Choosing your Wedding Cake
Your wedding cake is a main feature of your wedding reception and plays many roles. Not only does it add a centrepiece to your wedding venue, it can also act as a pudding or late evening snack, and is an important part of your wedding traditions. According to superstition, eating wedding cake ensures good fortune and fertility for the married couple, and if a bridesmaid sleeps with a slice under her pillow she will dream of her future husband.
The moment that you cut the cake is a favourite photo opportunity for guests and is usually straight after the speeches. The wedding cake is then taken away to be sliced before being served on platters.
Choosing your wedding cake can be a subject close to your heart, and is one of the tasks that grooms often get involved with. There are now so many types of wedding cakes that the possibilities are endless.
Whether wedding cupcakes take your fancy or a chocolate fountain fills your dreams, the difficulty doesn't come in imagining your dream wedding cake but finding someone to make it!
Traditional wedding cakes
Some people have dreamt about their wedding cake their whole life. They have an image of a large, multi tired, white fondant cascade of cake beauty surrounded by roses. If this is you then a traditional wedding cake is the way forward. Cutting your wedding cake is a momentous part of your wedding and something you will remember for the rest of your life, so make sure you get the cake of your dreams. If you are looking for something different, there are lots of different types of wedding cake!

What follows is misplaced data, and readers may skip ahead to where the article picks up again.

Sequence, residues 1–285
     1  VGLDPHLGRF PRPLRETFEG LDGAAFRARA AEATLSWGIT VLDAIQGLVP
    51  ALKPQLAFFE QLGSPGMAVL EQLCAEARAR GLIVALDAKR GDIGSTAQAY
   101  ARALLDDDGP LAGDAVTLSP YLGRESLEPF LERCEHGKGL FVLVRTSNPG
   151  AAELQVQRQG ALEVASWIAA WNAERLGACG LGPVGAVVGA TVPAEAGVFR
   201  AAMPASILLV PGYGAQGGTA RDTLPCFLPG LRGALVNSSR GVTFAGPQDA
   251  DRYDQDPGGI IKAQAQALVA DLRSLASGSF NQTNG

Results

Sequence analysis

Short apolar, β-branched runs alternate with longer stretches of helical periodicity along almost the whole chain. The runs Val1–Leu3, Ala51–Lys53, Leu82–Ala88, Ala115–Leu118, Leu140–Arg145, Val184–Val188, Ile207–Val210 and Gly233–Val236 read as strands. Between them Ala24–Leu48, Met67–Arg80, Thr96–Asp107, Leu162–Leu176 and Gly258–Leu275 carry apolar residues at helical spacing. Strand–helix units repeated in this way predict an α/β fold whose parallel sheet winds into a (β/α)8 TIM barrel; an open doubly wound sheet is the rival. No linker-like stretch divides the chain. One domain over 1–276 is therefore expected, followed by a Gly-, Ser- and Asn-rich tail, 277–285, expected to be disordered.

Chocolate wedding cakes
A very popular choice of wedding for many couples is the chocolate wedding cake. It is always guaranteed to be popular with your guests! White Belgian chocolate curls and fresh flowers can give a traditional wedding cake look, or a smooth glossy dark chocolate ganache forms the base for many contemporary cake designs. The most recent chocolate wedding cakes designs incorporate chocolate transfers to add a very modern twist.
Wedding cupcakes and individual cakes
Wedding cupcakes are becoming one of the most popular types of wedding cake. They are growing bigger and bigger with elaborate designs. The bigger American style wedding cupcakes with a swirl of buttercream and a simple decoration are popular, or for those with a bigger budget, individually iced individual cakes, generally displayed with a larger top tier for ceremonial cutting.
Choosing wedding cupcakes means that each guest could take home a cupcake in a special wedding cake box, as a keepsake from your wedding.
A wedding croquembouche or “piece montee” is a stunning cascade of choux pastry and crème patisserie surrounded by delicate caramel strands to provide a spectacular centrepiece for your wedding reception.
They can vary in size according to the number of guests and can be dramatically cut using a sword. This masterpiece can also double up as a pudding and means that each of your guests gets a taste of the wedding cake while they still have space. Croquembouche are not suitable for anyone with a gluten, egg or dairy intolerance.
Macaroon wedding cakes